31. Where does the word "Internet" come from?
    It comes from the word "Interworking".
  32. What is interworking?
    It's the process of linking a collection of networks.
  33. What year was the Internet officially adopted?
  34. In the late 1980s and early 1990s, what was the growing demand for?
    It was the demand for "anytime, anywhere" access information through computer networks because people started buying their own PCs.
  35. What did NSFNet serve?
    It served academic users only and did not serve business and individuals.
  36. What are some examples of a telecommunication company?
    Bell Canada, Nortel, AT&T
  37. What did telecommunication companies build?
    They built high-speed backbones and new networks that used the same protocol as NSFNet.
  38. What does TCP/IP stand for?
    Transmission Control Protocol/Internet Protocol
  39. What did TCP/IP become? What did it cost?
    • It became the accepted means of communication across networks.
    • It was free!
  40. What led to the rapid growth and exciting new uses for the Internet?
    The birth of the World Wide Web and the development of browser software.
  41. Who developed the WWW?
    Tim Burners-Lee
  42. When was the WWW invented?
    In the early 1980s.
  43. Where was the WWW invented?
    The European Laboratory for Particle Physics (CERN) in Geneva, Switzerland
  44. What are alternate names for the World Wide Web?
    • WWW
    • W3
    • Web
  45. What is the WWW made of?
    • It's made of a collection of millions of hypertext documents, which are commonly written in a web authoring language called HTML.
    • These documents contain built-in applications and links to databases, in addition to text sound, graphics and animation.
  46. What Web authoring language was used to create hypertext documents?
    HTML (Hypertext Markup Language)
  47. What is HTTP?
    • HTTP stands Hypertext Transfer Protocol.
    • It's the set of rules that govern how documents written in HTML are interpreted and displayed through a browser.
  48. How do you view Web pages on the Internet?
    You need to have a Web browser, which is a program that will interpret hypertext documents on the web and display them on screen.
  49. What are hyperlinks?
    They lead users to another WWW site or another place within the same document.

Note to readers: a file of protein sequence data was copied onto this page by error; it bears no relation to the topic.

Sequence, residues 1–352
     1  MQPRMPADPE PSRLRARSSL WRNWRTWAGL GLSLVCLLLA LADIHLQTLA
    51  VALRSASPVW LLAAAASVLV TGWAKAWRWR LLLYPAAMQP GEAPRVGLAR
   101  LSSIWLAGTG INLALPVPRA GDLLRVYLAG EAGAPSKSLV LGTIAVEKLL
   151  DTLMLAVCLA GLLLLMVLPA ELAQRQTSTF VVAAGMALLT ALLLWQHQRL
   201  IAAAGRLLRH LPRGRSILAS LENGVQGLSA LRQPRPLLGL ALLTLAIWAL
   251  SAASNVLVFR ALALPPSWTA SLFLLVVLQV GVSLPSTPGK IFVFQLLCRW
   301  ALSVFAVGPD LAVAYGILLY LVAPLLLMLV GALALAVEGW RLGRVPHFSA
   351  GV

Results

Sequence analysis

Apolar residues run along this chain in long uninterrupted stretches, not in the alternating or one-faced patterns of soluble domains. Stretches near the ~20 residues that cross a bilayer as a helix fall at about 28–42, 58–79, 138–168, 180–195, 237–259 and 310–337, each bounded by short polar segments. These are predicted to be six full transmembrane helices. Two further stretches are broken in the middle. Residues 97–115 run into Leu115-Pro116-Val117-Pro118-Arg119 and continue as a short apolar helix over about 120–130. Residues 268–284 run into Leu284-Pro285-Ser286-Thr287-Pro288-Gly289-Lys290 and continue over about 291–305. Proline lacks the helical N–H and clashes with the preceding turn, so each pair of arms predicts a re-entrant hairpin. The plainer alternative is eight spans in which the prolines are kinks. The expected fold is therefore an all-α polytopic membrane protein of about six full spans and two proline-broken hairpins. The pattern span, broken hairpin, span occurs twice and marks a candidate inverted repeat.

50. How do you know that there is a hyperlink on the document?
    They're usually highlighted or underlined text or pictures. Also, if you run your cursor over it, it changes from an arrow to a hand.
  51. What are URLs? What do they begin with? Why?
    • They're Universal Resource Locators.
    • They begin with "http" to tell your browser that the file being referenced by the URL needs to be interpreted by a certain way (using HTTP) for you to be able to view it.
    • It's the address of a webpage.
  52. What's the difference between the Internet and the World Wide Web?
    • The Internet is the backbone. It's the physical connections, like a road.
    • The World Wide Web is the software and communication. They're the cars that are on the road.
    • The WWW uses the Internet.
  53. What are the parts of the web page address?
    e.g. http://www.whyamidoingthis/woo/ugh.html
    • http - Transfer Protocol. This is the most common protocol since hypertext documents are the most commonly accessed on the Web. Other protocols include: ffp, news.
    • www. - Hotsname (optional). This is the server name which is often www for Web servers. You may also see www2, w3, Web, something else or nothing at all.
    • whyamidoingthis - Second-Level Domain. This is usually the organization's name as registered by the owner.
    • .comĀ - Top-Level Domain. This describes the type of domain. e.g., Generic Top-Level Domain (gTLD): .com, .org, .net --- Country Code Top-Level Domains (ccTLD): .ca, .uk, .au
  54. What was released in February 16, 1999?
    The Pentium Processor III, which contained 9.5 million transistors on a chip the size of a small cookie.
  55. What was released in November 2000?
    The Pentium 4 processor, which contained 42 million transistors and runs at speeds of 1.4 gigahertz (GHz) and 1.5 GHz.
Card Set:
IT Test 1
2013-09-28 02:38:15
grade business information technology shablagoo

Stuff I need to know.